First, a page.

Google confirmed in a blog post that it will not build alternative methods to track users after phasing out its existing tracking methods, which involve using third-party cookies.

“Today, we’re making explicit that once third-party cookies are phased out, we will not build alternate identifiers to track individuals as they browse across the web, nor will we use them in our products,” David Temkin, Google’s director of product management, ads, privacy and trust, said in a blog post.

Google announced last year it would phase out third-party cookies with a goal of doing so within two years, meaning the tech giant may stop tracking users by early 2022.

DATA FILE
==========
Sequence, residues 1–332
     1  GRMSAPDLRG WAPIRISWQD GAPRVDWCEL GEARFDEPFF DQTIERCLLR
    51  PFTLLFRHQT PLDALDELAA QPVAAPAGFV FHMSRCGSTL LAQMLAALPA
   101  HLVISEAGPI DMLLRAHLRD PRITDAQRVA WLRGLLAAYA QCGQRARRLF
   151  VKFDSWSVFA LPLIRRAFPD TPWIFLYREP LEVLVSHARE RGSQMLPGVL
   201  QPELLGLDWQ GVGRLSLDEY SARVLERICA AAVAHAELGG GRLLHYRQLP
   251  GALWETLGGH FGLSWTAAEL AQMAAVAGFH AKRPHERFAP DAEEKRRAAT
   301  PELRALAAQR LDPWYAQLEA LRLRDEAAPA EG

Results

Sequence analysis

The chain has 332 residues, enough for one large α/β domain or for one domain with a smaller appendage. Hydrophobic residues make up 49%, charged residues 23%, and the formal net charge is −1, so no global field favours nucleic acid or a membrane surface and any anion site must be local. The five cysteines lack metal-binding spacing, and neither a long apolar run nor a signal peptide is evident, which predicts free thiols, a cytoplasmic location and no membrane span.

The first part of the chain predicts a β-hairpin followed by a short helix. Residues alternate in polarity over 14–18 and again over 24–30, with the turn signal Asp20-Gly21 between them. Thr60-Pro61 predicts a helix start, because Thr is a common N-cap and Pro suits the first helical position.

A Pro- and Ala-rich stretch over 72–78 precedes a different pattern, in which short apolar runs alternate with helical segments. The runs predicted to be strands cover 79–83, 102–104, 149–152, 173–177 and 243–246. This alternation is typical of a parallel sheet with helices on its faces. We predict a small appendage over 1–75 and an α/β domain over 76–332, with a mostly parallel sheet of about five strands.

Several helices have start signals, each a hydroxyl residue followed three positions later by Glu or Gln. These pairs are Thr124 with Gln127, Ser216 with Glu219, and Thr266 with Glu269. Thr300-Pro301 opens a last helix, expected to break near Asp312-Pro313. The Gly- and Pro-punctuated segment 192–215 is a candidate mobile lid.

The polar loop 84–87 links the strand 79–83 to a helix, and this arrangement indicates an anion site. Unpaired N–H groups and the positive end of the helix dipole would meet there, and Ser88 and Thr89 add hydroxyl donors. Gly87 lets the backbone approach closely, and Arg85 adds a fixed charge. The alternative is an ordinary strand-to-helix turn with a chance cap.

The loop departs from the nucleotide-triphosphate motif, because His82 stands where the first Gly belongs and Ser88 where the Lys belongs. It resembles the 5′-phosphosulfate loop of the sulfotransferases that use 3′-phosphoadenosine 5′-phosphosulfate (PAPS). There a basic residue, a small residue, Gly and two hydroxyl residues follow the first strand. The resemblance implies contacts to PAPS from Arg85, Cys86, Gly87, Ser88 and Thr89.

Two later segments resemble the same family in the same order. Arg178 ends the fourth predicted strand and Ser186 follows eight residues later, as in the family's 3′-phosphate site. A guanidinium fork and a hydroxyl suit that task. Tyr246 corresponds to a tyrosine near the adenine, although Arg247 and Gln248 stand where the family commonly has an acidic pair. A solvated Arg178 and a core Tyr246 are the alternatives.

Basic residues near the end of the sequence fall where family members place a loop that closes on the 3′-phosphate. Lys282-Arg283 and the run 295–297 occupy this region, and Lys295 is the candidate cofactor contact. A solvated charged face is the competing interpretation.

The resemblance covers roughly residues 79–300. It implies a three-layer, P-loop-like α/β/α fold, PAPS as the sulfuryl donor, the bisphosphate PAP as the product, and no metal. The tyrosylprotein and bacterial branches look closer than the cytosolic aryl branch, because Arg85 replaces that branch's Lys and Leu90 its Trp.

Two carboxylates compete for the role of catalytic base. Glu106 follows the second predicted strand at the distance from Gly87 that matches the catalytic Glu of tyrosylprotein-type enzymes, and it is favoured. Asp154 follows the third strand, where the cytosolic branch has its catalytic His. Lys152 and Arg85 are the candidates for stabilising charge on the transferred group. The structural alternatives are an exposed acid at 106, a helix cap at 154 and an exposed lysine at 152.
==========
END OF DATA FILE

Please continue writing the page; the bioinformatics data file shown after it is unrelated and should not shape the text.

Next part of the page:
Read more about the update.


AMAZON’S AI CAMERAS IN THE HOT SEAT: A group of five senators on Wednesday called on tech giant Amazon and its CEO Jeff BezosJeffrey (Jeff) Preston BezosNASA picks Elon Musk's SpaceX to build spacecraft for manned moon missions Harvard Business community backs alumna's discrimination lawsuit against Amazon Union leader: 'Amazon left no stone unturned' in unionization fight MORE to provide additional information on the company’s recently installed artificial intelligence-equipped cameras in its delivery vans.